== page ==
What does city-wide participatory budgeting look like in Wisconsin? Eau Claire is figuring that out
The City of Milwaukee is in the final stages of the budgeting process for 2022. This year, city officials made an effort to get more community input. The city hosted two public hearings on the budget, but several local organizations say that isn’t enough.
Organizers have called on city officials to build a participatory budgeting process. This process, which can be done by neighborhoods or the entire city, allows community members to decide on projects and how to spend resources.
Participatory budgeting started in Porto Alegre, Brazil and has expanded to cities such as Chicago and Seattle. But what does it look like in practice? Eau Claire is the first city in Wisconsin to incorporate participatory budgeting. The city has allocated $300,000 of the city's budget for residents to vote on projects they feel are most important to them. Any resident over the age of twelve is able to cast their vote.
This is the first year Eau Claire is implementing this new method. Ned Noel, a senior planner for the City of Eau Claire, says the change comes as the community began taking an interest in civic democracy. In 2007 and 2008, community members made a program called Clear Vision Eau Claire to advocate for this process.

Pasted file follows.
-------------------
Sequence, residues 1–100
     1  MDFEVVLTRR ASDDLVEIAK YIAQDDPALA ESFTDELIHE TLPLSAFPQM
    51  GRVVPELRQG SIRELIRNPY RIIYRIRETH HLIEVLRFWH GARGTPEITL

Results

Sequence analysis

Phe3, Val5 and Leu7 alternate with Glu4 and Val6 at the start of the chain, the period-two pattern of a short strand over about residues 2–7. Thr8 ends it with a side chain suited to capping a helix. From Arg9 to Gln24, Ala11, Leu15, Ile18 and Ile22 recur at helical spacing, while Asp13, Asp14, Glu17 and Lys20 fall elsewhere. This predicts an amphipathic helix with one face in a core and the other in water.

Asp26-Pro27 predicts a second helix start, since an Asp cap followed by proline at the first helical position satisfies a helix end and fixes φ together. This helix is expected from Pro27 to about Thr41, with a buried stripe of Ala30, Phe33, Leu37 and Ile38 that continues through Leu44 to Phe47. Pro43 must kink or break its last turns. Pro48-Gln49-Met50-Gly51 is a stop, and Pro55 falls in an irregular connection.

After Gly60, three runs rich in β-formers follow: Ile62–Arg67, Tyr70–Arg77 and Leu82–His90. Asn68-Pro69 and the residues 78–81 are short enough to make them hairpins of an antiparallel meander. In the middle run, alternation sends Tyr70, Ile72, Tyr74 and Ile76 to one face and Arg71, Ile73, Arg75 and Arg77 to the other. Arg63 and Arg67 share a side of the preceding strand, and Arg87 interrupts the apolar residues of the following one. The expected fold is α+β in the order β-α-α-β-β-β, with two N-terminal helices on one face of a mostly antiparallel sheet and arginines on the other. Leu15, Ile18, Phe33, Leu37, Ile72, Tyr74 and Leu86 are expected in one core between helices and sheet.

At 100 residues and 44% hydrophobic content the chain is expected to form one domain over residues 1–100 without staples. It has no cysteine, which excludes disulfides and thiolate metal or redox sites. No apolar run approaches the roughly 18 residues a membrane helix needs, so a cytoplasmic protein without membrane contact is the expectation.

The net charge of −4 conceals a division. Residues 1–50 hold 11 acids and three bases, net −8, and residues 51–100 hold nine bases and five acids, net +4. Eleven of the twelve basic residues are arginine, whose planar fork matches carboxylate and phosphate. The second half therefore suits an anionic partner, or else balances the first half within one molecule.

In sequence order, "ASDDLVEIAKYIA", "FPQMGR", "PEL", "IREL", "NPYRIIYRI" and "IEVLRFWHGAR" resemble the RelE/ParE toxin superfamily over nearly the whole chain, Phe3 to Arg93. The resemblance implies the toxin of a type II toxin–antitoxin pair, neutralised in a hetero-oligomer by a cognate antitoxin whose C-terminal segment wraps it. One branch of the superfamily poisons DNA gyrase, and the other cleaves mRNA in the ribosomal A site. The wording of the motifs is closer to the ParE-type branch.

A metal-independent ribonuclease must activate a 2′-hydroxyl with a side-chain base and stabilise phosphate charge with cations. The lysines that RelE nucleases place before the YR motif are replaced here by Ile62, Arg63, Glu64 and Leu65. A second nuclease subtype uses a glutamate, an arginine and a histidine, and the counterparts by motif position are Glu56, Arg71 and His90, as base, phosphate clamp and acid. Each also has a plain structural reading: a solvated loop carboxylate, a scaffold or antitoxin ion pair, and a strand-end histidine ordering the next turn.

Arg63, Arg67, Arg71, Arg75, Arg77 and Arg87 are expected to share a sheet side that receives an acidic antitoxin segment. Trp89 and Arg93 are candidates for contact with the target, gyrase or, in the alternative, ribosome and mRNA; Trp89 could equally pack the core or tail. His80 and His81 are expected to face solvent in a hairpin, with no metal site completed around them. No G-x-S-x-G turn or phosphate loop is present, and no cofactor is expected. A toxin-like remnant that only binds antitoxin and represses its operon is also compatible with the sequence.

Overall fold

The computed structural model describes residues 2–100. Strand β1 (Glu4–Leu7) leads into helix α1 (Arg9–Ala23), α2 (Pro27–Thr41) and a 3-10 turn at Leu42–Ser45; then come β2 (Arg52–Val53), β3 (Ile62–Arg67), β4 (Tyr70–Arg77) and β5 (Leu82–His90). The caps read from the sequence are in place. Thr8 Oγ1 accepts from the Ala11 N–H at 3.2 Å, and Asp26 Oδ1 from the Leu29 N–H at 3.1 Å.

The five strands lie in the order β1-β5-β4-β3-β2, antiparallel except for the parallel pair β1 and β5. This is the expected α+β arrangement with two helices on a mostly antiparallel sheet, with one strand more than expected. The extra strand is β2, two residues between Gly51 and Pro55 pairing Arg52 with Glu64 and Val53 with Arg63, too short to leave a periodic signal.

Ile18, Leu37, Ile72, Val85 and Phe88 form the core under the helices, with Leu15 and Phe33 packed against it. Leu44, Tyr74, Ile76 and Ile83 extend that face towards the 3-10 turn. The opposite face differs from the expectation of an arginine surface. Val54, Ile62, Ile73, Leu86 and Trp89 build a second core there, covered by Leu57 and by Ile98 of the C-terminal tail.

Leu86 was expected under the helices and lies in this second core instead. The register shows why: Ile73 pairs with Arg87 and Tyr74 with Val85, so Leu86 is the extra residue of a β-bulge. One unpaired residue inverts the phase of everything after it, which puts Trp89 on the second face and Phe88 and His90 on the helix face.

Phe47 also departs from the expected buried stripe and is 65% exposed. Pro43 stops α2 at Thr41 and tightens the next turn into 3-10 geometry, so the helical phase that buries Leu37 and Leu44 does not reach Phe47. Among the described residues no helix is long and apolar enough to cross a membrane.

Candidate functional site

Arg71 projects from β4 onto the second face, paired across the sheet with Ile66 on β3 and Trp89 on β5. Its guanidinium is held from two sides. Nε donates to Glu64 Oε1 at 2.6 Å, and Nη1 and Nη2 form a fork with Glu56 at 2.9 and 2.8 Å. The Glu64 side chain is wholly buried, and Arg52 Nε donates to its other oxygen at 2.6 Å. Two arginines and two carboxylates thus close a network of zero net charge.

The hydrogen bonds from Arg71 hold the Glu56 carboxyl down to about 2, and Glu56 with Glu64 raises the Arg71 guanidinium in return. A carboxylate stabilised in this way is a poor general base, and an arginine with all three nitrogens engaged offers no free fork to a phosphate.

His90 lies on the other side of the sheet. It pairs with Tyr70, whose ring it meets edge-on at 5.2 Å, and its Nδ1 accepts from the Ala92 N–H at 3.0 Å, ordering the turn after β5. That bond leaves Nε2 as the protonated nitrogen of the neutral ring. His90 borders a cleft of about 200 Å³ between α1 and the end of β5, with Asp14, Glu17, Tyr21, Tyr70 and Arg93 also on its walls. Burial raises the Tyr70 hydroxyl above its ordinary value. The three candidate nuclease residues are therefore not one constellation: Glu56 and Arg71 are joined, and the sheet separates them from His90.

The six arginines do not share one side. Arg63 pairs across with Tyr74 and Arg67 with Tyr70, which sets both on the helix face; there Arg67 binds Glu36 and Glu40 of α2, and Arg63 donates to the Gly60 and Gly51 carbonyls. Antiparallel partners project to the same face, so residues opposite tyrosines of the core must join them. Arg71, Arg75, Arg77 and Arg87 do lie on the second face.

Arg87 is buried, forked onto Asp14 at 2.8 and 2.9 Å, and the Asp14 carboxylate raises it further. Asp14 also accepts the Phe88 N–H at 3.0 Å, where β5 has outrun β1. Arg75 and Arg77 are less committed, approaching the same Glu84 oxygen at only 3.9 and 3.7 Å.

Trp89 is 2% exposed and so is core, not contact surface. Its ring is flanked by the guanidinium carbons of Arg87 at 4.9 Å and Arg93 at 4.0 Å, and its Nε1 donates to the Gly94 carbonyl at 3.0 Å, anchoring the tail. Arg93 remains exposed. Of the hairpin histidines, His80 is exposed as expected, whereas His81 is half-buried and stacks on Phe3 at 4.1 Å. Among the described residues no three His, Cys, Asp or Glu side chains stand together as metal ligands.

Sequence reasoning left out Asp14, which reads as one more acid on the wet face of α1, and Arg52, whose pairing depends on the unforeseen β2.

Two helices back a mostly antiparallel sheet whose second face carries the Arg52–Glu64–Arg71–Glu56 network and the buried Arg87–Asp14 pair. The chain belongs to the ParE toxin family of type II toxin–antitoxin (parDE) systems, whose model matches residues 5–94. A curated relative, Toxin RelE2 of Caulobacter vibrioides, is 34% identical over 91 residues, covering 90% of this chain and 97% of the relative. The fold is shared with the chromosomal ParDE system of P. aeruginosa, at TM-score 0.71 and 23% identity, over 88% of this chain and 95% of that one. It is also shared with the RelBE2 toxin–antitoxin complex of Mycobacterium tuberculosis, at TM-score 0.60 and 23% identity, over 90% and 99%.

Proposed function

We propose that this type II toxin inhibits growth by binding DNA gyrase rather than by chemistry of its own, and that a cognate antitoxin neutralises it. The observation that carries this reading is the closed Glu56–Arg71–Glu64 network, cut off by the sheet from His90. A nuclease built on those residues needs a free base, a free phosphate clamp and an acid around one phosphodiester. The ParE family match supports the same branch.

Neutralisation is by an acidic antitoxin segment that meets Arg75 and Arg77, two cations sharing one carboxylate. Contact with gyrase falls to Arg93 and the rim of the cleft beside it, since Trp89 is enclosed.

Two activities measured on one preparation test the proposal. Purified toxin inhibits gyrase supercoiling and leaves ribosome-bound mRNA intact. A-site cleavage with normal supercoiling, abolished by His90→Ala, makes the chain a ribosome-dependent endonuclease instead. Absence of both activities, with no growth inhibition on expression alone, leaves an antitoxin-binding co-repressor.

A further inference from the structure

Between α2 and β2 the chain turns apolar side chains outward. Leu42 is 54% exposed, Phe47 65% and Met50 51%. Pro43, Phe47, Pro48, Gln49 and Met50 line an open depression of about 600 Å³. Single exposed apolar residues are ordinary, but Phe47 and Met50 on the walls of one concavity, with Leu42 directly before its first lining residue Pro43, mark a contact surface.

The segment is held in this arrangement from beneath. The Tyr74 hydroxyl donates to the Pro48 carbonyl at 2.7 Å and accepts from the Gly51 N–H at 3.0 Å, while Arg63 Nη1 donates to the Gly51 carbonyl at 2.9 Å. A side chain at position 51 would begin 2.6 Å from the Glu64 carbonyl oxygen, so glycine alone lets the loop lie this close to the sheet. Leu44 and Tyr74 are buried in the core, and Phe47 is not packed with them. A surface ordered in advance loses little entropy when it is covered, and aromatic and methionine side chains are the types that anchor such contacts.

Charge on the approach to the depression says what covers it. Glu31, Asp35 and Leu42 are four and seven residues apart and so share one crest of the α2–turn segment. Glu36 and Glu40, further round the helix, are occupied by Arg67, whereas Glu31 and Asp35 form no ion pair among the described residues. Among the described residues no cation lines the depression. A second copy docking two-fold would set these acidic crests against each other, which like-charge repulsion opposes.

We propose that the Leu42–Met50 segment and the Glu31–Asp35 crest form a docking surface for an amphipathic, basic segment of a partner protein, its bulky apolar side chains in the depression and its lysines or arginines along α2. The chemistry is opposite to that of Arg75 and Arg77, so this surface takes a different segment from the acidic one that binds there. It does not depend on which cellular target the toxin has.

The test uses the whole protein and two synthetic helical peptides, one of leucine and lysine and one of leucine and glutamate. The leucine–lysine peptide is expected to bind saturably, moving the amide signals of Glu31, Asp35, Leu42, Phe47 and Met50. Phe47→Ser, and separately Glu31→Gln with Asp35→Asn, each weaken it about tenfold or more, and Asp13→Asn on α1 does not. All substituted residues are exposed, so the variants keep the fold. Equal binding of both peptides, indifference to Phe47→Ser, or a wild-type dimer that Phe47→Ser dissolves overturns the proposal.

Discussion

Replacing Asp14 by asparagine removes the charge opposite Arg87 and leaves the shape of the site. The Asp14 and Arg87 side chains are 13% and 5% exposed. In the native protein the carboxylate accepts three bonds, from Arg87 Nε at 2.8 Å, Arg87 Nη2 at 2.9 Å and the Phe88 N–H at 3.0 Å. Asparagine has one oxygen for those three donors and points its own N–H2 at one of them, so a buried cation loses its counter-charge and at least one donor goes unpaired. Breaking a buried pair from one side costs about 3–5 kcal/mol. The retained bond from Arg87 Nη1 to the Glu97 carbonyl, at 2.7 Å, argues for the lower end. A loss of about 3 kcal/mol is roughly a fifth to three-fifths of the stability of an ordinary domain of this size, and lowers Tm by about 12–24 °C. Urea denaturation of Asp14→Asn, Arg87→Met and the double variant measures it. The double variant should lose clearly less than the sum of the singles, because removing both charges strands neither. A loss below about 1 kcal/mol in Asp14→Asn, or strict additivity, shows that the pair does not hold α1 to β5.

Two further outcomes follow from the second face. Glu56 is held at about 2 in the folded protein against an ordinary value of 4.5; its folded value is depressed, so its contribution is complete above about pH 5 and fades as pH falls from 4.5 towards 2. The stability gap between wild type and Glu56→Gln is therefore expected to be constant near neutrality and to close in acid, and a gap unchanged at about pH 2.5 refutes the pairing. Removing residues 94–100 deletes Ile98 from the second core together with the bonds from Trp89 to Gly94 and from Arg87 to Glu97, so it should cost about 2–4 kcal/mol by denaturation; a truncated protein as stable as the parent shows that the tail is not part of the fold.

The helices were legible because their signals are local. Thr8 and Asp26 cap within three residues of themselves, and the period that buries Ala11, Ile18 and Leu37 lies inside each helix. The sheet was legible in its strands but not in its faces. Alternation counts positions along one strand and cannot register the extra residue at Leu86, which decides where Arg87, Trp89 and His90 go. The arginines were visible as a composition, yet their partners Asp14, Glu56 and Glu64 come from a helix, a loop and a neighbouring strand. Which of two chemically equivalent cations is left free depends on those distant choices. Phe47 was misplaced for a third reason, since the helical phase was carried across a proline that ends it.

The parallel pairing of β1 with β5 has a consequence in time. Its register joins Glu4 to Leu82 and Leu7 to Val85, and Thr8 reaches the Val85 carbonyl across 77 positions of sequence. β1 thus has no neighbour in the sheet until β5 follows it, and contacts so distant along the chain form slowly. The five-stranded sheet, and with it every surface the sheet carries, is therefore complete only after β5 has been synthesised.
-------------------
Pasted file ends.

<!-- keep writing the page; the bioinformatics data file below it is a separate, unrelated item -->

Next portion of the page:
"[Clear Vision Eau Claire] organized and rallied around key issues that not just local government alone could solve, and created a plan with different issue areas like sustainability, or economic development, or the arts," Noel says.
The Eau Claire City Council hired a consultant in 2018 from the Participatory Budgeting Project, who provided recommendations for launching the program. Earlier this year, a committee was formed to work with city council to get the word out.
Mai Xiong, the co-chair for the participatory budget committee, emphasized the need to be intentional in outreach within communities of color. She says the first step is to build relationships with partners already working within the communities.
"Avenues of communication look very different in communities of color," Xiong says.
With kickoff and outreach events, she is working to share more about the participatory budgeting process with the community.
"This is a great opportunity for us to really get those communities who are interested, but have never really gotten the opportunity to really engage," Xiong says.
Noel says this is a chance to move issues outside of city hall and into the neighborhoods. "This program is really meant to be intentional to reach audiences that have been historically underserved."
Noel emphasizes that participatory budgeting can be done in other cities and a variety of community spaces.
"This can work in a small community, in the neighborhood level or within school districts," Noel says. "We're excited to lead the way here in our state."